The escalation of events in Ukraine has highlighted the potential for similar types of political demonstrations in Russia, as well as a radicalization of Russia’s middle class.

The Maidan events in Kiev took a violent turn on Jan. 22. Photo: AP

All eyes of revolution watchers these days are on Kiev, where a political crisis is spiraling into freefall as security forces and grassroots opposition are locked in a brutal struggle that claimed its first casualties this week. What has gone below the public radar that this is not the first political standoff of this kind in the post-Soviet space in recent years: Belarus was also shaken by a string of protests in 2010-2011, and Russia in 2011-2012. Although the three political crises had notable differences, they share similar causes and constitute a single trend, a sort of “Slavic Spring” not unlike the recent “Arab Spring” string of upheavals.

If the “Slavic Spring” is getting less of the spotlight, it is because the European turmoil is more drawn-out and less successful than the conflict in the Maghreb and the Middle East. But as events in Ukraine progress, it becomes clearer that the trend is the same, and its ramifications – the rise of radical sentiment and virulent nationalism – can be disastrous.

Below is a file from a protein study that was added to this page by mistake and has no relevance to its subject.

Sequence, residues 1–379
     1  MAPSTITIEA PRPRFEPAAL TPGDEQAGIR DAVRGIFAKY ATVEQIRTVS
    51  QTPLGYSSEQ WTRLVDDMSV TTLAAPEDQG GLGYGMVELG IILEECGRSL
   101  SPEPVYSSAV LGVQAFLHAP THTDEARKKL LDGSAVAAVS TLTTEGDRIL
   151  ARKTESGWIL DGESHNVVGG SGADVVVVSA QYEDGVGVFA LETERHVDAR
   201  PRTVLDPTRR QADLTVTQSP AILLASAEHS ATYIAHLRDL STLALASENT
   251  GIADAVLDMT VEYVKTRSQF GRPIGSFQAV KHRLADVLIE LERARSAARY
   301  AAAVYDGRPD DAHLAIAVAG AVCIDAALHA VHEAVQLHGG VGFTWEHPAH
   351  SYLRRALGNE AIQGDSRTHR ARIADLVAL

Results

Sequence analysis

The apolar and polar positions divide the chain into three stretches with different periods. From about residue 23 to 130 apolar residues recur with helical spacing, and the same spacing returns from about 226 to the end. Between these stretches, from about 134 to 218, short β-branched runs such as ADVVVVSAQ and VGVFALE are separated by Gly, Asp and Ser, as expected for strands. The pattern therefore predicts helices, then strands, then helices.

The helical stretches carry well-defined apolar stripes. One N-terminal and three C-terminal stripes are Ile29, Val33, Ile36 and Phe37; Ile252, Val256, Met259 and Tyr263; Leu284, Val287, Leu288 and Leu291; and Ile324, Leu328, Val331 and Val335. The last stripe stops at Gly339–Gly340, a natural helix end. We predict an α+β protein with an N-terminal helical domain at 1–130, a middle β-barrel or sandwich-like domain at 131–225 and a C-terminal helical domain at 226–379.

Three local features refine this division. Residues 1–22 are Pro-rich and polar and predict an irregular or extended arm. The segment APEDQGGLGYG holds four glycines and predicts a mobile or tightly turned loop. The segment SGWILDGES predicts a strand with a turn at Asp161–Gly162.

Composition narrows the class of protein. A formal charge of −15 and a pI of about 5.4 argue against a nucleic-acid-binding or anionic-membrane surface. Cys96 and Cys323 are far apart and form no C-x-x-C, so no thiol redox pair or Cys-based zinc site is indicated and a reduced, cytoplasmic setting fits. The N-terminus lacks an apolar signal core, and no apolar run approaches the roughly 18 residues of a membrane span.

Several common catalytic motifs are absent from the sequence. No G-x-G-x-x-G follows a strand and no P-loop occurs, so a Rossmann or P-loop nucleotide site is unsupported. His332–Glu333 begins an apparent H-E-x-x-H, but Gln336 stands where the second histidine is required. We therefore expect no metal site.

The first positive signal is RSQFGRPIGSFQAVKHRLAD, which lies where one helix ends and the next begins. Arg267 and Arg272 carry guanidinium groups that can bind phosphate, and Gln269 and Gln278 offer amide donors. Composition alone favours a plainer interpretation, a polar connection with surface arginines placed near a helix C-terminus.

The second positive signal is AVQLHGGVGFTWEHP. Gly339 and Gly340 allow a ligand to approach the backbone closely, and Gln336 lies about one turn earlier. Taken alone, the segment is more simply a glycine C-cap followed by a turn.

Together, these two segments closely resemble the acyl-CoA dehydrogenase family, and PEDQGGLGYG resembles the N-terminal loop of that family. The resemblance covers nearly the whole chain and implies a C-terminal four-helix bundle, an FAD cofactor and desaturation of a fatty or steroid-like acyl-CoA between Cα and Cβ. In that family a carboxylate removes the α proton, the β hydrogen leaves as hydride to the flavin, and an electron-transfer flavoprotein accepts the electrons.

Protests in Belarus and Russia followed a nearly identical template. Reelection of a long-standing leader among fraud allegations triggered unexpected protests, bringing tens of thousands to the streets. While mostly peaceful, the protests were marked by spates of violence (the attack on the presidential administration in Minsk and Moscow’s Bolotnaya Square riots, both of which were blamed by opposition speakers on provocateurs), which led the authorities to ignore the demands of the protesters while mounting legal and police pressure on them, persecuting activists and passing numerous laws that could be used for restriction of public protest.

The protests in Ukraine were triggered not by elections, but by actions of the incumbent leadership (President Viktor Yanukovych choosing a geopolitical alliance with Russia, not EU). However, it has followed a similar scenario since November, with mass peaceful protests that failed to sway the government, which then passed draconian laws curbing the public’s right to protest. The scenario, however, underwent a radical rewrite when a powerful and battle-ready force of ultranationalists began clashing with Berkut riot police this week, leading to actual bloodshed with dozens of injured and reports of crippled policemen and slain activists.

In all three cases, the conflict is between a strongman, if not necessarily authoritarian, government and the educated, economically independent and relatively well-off urbanites that are the closest thing that the three post-Soviet countries have to a middle class (the protesters do not necessarily qualify for middle class by Western standards of income, but perceive of themselves as such). Causes of dissent include economic stagnation, lack of opportunities for social advancement, shrinking political freedoms, corruption and general fatigue in the incumbent leadership. In a nutshell, it is a conflict between a conservative nanny state and self-described “Westerners” who subscribe to somewhat romanticized liberal values.